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by ronniekongs

continuous improvement model

Continuous improvement is basically getting better than you were in the past.  So, how is something better than it was in the past?
In my mind it is associated with morebetter, and faster.  In other words: I make more products with the same work, or I get a better quality product with the same work, or I can work faster with the same effort and therefore make more products and reduce my unit cost. 

In each case there may be a barrier, bottleneck, or something preventing you from making the improvement. While Root Cause Analysis is not always the right tool to resolve that barrier or bottleneck, it should be a foundation tool in the process of continuous improvement.

I believe that a facility’s or a person’s continual success is directly dependent on their ability to solve problems.

In Ron Moore’s book entitled “Making Common Sense Common Practice” he discusses three companies – an “A” company, a “B” company, and a “C” company. In his description, “A” company is the best of the best and “C” company is the one always lagging toward the back of the pack – making money in good times and struggling or failing in the tough times. Company “B” is in the middle of the pack.

Here’s a quote from his book:

“The difference between the best companies and the mediocre/ poor [companies] in this model is the emphasis the best companies give to the denominator (unit cost = cost/capacity).  That is, they focus on maximizing the capacity available through applying best practices and assuring reliability in design, operations and maintenance, and through debottlenecking.  They then use that capacity to go after additional market share, with little or no capital investment.  Note that in doing this, they also minimize the defects which result in failures and additional costs.”

The sentence in bold above is essentially saying that they aggressively follow a continuous improvement model of some kind to achieve that focus.

There are many tools available to a practitioner who is focused on  reliability improvement. However, in my experience coming from an industrial environment, effective problem solving has one of the highest returns for the dollars and time spent of any of the tools.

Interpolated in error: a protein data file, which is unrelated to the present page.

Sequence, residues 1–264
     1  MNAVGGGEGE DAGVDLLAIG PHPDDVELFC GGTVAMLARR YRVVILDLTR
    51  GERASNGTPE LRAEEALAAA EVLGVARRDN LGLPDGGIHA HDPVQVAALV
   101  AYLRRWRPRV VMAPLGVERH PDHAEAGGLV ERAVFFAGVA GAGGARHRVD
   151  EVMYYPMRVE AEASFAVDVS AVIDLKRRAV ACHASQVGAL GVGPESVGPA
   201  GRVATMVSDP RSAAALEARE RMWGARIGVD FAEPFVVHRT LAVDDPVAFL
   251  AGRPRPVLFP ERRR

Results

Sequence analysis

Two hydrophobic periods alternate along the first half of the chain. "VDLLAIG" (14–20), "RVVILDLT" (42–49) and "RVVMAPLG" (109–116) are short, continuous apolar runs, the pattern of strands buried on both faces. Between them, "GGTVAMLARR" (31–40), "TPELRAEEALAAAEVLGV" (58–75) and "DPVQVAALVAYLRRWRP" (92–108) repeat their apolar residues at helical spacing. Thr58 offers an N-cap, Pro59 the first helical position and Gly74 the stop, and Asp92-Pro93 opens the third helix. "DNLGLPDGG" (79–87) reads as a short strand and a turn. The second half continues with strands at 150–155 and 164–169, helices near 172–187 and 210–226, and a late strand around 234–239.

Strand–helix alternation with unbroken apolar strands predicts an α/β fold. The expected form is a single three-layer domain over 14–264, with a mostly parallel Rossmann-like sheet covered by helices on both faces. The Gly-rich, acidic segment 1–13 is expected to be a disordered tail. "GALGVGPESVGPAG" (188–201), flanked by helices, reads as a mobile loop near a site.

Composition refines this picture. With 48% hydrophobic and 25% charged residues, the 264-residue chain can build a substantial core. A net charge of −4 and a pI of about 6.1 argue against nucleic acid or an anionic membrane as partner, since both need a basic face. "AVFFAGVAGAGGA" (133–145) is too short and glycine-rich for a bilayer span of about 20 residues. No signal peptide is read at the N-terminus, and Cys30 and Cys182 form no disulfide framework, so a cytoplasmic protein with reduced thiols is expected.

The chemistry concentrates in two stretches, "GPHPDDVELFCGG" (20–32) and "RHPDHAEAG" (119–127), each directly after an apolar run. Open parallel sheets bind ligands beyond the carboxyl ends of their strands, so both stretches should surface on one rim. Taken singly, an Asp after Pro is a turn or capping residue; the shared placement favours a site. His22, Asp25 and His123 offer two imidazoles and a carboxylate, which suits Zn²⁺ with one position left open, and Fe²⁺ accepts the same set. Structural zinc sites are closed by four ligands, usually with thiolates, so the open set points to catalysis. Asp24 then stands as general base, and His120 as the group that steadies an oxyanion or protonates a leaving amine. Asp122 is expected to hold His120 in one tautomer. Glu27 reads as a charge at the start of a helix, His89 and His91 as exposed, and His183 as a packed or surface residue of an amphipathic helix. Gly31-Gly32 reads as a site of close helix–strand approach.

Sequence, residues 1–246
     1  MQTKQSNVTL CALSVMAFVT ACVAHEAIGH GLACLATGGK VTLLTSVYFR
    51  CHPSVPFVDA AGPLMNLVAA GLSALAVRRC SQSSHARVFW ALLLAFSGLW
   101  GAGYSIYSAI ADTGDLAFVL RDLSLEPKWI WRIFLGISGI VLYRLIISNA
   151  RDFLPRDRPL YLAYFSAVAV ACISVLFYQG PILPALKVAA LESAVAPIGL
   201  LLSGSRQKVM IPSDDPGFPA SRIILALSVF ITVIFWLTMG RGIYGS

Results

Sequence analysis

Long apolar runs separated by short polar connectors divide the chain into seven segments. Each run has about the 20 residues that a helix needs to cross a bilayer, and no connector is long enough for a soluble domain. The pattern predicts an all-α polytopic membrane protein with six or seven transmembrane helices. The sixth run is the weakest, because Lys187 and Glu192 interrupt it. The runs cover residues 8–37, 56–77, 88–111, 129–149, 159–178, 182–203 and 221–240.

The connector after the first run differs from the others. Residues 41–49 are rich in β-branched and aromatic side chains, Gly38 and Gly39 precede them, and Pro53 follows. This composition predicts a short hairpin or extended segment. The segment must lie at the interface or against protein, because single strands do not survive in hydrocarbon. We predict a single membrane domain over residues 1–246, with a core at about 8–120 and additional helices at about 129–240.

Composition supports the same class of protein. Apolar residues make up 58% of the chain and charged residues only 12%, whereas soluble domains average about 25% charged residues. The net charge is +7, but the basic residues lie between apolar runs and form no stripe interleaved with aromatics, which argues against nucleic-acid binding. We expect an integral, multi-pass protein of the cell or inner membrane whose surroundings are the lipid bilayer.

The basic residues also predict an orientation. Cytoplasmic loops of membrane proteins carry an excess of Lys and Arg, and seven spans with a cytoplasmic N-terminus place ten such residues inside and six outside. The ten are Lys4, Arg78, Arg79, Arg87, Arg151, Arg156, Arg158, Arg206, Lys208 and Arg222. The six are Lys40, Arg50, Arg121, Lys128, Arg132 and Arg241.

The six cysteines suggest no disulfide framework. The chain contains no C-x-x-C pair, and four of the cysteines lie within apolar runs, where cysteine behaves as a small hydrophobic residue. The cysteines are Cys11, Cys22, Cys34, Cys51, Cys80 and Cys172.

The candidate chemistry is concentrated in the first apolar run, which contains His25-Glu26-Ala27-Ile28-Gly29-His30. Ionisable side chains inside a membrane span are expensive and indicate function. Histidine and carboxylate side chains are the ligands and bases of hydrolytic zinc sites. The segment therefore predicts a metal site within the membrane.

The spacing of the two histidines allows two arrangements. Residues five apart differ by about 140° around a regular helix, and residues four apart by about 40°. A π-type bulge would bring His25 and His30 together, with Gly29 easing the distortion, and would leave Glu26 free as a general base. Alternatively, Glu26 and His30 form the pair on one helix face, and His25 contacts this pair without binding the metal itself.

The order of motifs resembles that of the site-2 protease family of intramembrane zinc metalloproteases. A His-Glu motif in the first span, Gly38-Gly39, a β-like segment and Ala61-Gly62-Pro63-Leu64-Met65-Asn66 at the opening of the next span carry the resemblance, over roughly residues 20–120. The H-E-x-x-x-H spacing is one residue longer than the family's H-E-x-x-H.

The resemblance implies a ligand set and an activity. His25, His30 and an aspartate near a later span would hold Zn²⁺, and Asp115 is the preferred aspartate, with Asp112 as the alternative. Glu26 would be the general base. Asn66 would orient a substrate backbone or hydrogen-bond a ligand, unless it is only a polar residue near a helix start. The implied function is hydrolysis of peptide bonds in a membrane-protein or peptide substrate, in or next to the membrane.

This is not to say that the other tools mentioned in Ron’s book are not valuable – in fact I spent a large portion of my career attempting to establish and institutionalize those tools and processes. But every time something doesn’t meet expectations, or your downtime is greater than expected, or a piece of equipment can’t provide the uptime you need, that is the definition of a problem that needs resolution.

Also, in my career I discovered that many of the continuous improvement tools would not work well unless some of the more blatant and repetitive problems were resolved first. The most visible of these is planning and scheduling. Trying to plan and schedule in a reactive environment is next to impossible because every time you try to schedule a job, it gets usurped by a failure somewhere. This is frustrating for everyone and leads to an uphill battle.

So I believe that if you look deep inside an “A” company you will find a continuous improvement model that supports problem solving at its core.

Many people would say that Toyota is such a company; and they have many tools at its disposal – one of them being the 5 Whys. This is simply a problem solving methodology that allows operators and others to fix problems at the appropriate level, thereby supporting their continuous improvement model. The 5 Whys problem solving tool was developed to support Toyota’s original foundation premise of “Eliminate Waste” which is basically what Ron Says the “A” companies are doing. They are solving problems by identifying causes for the waste and then putting in place solutions to eliminate it.

If you think about the automotive industry as an example, are they driven by continuous improvement due to competition?

Do you remember when you had to replace or set the points in a distributor on a regular basis?

Nowadays, through continuous improvement, there is no wear and electronic ignition has all but eliminated the need for that task…thereby eliminating waste and putting the original auto manufacturers ahead. The others had to follow suit in order to not lose market share or reputation.

The same thing happened with spark plugs. I haven’t change a set in quite a while since they started lasting 100,000 miles. You could make the case that it has cost companies money since they don’t sell parts anymore, however, I think anyone that didn’t move with these new technologies would have been left in the dust and lost market share.

As illustrated in the above examples, the best of the best are driven by continuous improvement to stay ahead of the game or to catch up quickly – no matter what the industry. This status is achieved through a combination of tools and problem solving techniques, with cause and effect being one that, in my opinion, should be at the core of your continuous improvement model.

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